The current CTU effort erases the boundaries we have between a single translation unit and the whole program, but it isn't going to be powerful enough to be described as a "whole-program" analysis, similarly to how our existing inter-procedural analysis isn't quite "whole translation unit" analysis.
With out static symbolic execution-based approach, we do not ever attempt to understand any significant module of the program "as a whole". Instead, we try to model specific individual functions, and sometimes, occasionally, depending on numerous unobvious circumstances, when we encounter calls of other functions during such modeling, we allow ourselves to descend into the callee function to explore consequences of the function call in the current context. It opens up execution paths that traverse multiple functions, but we always keep in mind that we're still analyzing the program by focusing on a very small part of the code at a time, conducting multiple independent analyses even within a single translation unit, and never assuming understanding the program as a whole.
CTU allows us, sometimes, occasionally, depending on numerous unobvious circumstances, to do the same when we encounter calls of functions that have their bodies defined in a different translation unit, therefore erasing the boundaries and allowing us to focus on more promising execution paths. The current effort is for now focused at that first step for now - erasing the boundaries. As far as i know, not much effort has been done to tweak our heuristics to determine the promising execution paths, but the existing heuristics work pretty well in the new circumstances, and a significant improvement of the bugs-per-second metric is observed, together with a considerable skew from finding deeper bugs within the current translation unit towards finding shallower bugs that require understanding of multiple translation units. But still, and probably even more so, CTU is not whole-program analysis - it's only an effort to erase the artificial boundaries of translation unit, but our static symbolic execution approach would never scale enough to understanding the program as a whole. Even if at all possible, it requires a way more significant effort and advanced techniques.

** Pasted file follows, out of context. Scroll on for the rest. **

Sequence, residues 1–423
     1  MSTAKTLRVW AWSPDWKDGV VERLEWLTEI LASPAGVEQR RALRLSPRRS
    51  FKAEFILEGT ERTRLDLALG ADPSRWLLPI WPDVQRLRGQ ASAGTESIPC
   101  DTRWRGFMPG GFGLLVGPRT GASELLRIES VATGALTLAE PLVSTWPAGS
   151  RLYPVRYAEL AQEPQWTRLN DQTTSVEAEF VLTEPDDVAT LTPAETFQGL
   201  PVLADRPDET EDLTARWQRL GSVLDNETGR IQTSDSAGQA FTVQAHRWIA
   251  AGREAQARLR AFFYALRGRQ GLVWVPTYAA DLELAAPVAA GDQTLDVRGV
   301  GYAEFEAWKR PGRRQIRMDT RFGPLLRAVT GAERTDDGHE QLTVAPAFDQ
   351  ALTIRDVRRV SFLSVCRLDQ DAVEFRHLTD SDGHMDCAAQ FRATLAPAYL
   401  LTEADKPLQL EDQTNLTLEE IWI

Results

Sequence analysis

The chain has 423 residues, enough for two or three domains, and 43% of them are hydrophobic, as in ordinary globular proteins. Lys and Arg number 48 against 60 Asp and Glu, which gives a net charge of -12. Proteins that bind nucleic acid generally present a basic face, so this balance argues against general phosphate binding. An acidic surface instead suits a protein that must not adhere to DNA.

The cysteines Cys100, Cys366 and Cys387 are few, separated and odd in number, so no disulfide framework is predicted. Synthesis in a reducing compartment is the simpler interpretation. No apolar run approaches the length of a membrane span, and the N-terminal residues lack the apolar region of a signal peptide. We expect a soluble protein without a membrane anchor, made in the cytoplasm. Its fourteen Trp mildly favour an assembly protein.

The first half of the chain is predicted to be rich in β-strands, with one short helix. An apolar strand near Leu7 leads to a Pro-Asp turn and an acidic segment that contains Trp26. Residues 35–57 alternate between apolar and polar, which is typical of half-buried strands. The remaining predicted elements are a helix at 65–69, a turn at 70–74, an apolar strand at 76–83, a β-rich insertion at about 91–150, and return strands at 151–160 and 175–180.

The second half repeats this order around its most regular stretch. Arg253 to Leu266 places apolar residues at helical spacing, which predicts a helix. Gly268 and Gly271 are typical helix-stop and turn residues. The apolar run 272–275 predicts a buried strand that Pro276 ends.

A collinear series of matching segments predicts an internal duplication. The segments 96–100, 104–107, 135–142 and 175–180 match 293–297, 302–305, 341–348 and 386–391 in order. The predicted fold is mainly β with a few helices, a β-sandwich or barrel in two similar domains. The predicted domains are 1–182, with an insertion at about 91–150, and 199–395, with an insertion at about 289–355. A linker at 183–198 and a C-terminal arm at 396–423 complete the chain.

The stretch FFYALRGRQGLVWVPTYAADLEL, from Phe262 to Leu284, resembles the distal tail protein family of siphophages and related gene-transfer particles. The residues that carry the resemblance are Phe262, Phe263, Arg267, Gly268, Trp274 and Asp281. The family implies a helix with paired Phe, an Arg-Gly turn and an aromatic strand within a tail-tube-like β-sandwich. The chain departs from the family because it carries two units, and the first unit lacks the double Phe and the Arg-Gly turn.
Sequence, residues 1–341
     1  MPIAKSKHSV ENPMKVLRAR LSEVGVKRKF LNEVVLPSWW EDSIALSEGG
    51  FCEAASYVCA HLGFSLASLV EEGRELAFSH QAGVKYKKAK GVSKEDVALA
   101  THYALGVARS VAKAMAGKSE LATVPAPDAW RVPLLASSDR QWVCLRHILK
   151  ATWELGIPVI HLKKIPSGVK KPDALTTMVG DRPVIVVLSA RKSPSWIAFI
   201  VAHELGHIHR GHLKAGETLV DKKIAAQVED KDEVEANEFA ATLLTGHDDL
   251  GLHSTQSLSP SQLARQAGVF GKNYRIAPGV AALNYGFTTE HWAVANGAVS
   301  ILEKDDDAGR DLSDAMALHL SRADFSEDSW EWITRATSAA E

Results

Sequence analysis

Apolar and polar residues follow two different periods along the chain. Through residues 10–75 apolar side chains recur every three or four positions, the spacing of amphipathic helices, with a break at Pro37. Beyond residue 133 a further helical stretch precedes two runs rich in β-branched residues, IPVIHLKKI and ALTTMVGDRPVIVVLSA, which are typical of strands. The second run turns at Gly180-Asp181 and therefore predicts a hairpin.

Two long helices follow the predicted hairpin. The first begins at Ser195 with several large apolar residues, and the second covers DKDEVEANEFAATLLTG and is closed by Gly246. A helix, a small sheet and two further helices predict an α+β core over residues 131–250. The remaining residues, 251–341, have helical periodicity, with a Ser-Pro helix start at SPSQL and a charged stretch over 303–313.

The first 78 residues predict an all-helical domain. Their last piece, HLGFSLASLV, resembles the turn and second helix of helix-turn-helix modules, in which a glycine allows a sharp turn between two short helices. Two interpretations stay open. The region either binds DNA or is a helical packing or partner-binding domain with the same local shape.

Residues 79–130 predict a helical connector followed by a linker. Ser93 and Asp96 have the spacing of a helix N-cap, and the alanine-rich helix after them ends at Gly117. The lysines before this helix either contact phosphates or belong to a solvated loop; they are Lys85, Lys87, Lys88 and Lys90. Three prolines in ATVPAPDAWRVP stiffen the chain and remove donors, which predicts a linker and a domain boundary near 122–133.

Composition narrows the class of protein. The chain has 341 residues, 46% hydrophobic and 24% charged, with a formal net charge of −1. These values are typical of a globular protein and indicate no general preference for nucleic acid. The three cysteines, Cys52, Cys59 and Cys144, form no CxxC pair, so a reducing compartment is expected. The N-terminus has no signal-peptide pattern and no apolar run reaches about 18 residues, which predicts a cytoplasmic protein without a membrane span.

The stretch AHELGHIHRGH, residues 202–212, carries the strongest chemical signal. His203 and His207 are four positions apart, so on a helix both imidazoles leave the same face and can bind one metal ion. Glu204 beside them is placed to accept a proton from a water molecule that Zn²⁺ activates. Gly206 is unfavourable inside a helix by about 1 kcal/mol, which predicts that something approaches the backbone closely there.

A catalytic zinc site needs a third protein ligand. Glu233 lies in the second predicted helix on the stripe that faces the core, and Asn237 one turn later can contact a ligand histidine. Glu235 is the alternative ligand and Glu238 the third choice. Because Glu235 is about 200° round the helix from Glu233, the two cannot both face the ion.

So the real question here is - what kind of analysis do you want to perform? Is symbolic execution the right tool for your work? Like, for ~1/2 of problems, symbolic execution is not even the right tool: if, for instance, you're trying to find a problem that can be identified by an invariant that holds on all paths (dead code, expression always has the same value, various check-after-use), then the analyzer wouldn't be of much help, because it never guarantees to explore all paths through the program; it's only good for finding specific paths on which a certain invariant is violated (use-after-failed-check, null dereference, memory leak). And also symbolic execution of the whole program's source code doesn't scale, but another analysis method may scale well.